County fathers knew in 1967 they had to do something.
They’d seen farmland in other parts of California paved over for a burgeoning population, including once productive fertile orchards in Santa Clara Valley.
When earnest county staff came forward with plans for a greenbelt, the county supervisors were all ears.
The effort to preserve fertile valley ag land would take advantage of new state programs and legislation, and it would entail a massive public relations effort to sell local landowners on the idea, all hands admitted.
They would enlist the help of Upper Napa Valley Associates, an organization of residents concerned about the politics of land use. One member was vintner Jack Davies, who, in addition to launching a new wine brand, Schramsberg, was worried about slowly disappearing farmland throughout the Golden State.
The first of its kind in the nation, Napa County’s agricultural preserve might not have happened if it weren’t for the watchdog efforts of then-Napa County Assessor George Abate.
Not one to toot his own horn, Abate nevertheless alerted other county and state officials here not only to the far-flung threats to agriculture but to new state programs designed to help farmers and keep ag land in production.
To see how this came together requires examining issues that set it all in motion.
Abate, a straight-shooting assessor first elected to his post in the early 1960s, recently recalled how assessment scandals in several areas of California prompted new legislation regulating the practice of land valuation. That legislation sent shock waves through ag counties around the state.
Assembly Bill 80 dictated that county assessors must value land based on comparable nearby property sales. It was on these assessments that taxes were then collected.
Abate recognized the possibility that a few acres of idle farm land, sold at a high price for home sites, might have to be used as the standard for assessing all similar tracts in the neighborhood. One or two land sales in any given area, then, might trigger higher assessments in a particular region, effectively forcing a working farmer to sell his property, too, in order to pay a much higher tax bill.
But the impact of AB 80 didn’t escape notice of Sacramento legislators, either. Led by Assemblyman John Williamson, the California Legislature in the mid-’60s enacted a new law designed to preserve agricultural and open space land in danger of premature conversion to urban uses.
The California Land Conservation Act of 1965 — commonly referred to as the Williamson Act — enabled local governments to enter into contracts with private landowners for the purpose of restricting specific parcels of land to agricultural or related open space use. In return, landowners received property tax assessments which were much lower than normal because they were based upon farming and open space uses as opposed to full market value.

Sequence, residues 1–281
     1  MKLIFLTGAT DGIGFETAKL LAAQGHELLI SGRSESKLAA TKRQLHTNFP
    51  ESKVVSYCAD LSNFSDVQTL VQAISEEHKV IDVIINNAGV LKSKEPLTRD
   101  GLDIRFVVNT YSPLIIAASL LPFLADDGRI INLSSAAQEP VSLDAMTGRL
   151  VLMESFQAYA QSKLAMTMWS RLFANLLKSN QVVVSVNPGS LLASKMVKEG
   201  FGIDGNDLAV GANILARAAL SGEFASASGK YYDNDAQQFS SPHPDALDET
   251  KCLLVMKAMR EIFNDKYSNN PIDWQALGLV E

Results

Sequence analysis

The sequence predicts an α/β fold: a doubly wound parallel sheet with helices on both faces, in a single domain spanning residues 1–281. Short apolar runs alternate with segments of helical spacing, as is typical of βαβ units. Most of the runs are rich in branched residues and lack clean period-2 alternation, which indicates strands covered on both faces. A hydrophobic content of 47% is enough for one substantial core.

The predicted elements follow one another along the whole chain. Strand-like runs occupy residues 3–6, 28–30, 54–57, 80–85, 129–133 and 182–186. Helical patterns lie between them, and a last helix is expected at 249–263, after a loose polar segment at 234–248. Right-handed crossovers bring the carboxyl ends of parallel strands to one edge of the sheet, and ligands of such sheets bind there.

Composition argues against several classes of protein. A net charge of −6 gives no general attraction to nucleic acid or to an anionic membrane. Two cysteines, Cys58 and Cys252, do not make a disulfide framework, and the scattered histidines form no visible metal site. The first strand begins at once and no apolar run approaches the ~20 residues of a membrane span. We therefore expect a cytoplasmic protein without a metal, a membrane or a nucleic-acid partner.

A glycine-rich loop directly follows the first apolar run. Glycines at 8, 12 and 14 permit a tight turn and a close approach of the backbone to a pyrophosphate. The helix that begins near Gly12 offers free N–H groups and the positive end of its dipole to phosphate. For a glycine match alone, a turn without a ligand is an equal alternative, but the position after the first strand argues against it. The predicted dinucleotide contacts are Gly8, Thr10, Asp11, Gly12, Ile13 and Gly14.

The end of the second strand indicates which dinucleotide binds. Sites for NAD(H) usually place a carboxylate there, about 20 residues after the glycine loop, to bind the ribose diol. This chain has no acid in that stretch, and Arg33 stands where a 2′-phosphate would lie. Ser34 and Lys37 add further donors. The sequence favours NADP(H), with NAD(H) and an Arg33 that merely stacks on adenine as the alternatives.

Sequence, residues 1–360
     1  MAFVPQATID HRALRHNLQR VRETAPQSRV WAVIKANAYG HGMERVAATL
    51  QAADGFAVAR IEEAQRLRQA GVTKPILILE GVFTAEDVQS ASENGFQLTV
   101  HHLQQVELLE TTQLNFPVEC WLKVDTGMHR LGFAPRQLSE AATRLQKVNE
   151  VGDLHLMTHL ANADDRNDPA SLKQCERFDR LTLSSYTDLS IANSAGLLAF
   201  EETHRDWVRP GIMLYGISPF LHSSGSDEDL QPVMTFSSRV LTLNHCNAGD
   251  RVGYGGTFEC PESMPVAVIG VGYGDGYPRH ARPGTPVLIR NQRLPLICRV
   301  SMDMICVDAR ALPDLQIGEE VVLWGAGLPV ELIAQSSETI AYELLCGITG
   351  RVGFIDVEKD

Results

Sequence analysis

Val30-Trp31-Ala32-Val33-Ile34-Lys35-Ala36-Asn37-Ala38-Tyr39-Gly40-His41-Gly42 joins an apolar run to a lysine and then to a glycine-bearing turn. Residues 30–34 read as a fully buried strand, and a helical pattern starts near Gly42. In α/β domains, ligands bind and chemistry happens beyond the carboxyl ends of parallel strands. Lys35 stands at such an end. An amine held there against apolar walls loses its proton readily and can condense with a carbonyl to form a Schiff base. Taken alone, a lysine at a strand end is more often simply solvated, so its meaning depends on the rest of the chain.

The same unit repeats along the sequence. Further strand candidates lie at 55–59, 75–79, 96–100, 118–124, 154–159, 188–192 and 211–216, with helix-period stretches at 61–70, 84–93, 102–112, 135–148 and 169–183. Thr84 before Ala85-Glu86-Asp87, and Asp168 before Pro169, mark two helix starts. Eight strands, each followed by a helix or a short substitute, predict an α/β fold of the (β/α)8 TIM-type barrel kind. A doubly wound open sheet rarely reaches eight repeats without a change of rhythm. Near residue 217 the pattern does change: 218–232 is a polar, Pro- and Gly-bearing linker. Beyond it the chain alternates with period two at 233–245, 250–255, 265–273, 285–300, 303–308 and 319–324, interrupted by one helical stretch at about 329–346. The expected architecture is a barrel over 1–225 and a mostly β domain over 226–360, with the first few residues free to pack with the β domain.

County takes the lead
Armed with the knowledge that the state would do its part, county officials knew there was work to do here in the valley.
Abate presented his concerns to County Administrator Albert Haberger, a no-nonsense public official who brought both new blood and direction to county government in the mid-’60s. Haberger sensed the urgency to stem the tide of urban sprawl, to substantially slow the march of population to Napa County where, state officials predicted, some 200,000 people would live by the year 2000.
Haberger built a team that could explain the need to pass legislation protecting county ag land (which included some 12,000 acres of vines, just one fourth of what is planted here today). He enlisted the help of Mervin Lernhart, then deputy county counsel, in drafting the legislation that would create the first ag preserve in America.
Planning Director Vern Cotter and his assistant, Eric Borgwardt, would be called upon to lead the public hearings before the Napa County Planning Commission. Jack Fisk, the state’s liaison to county agriculture, and the county’s agricultural commissioner, Aldo Delfini, joined the team.
Plans were drawn up to protect some 26,000 acres of farmland, mostly on the valley floor. (Today, Agricultural Preserve zoning covers close to 40,000 acres.)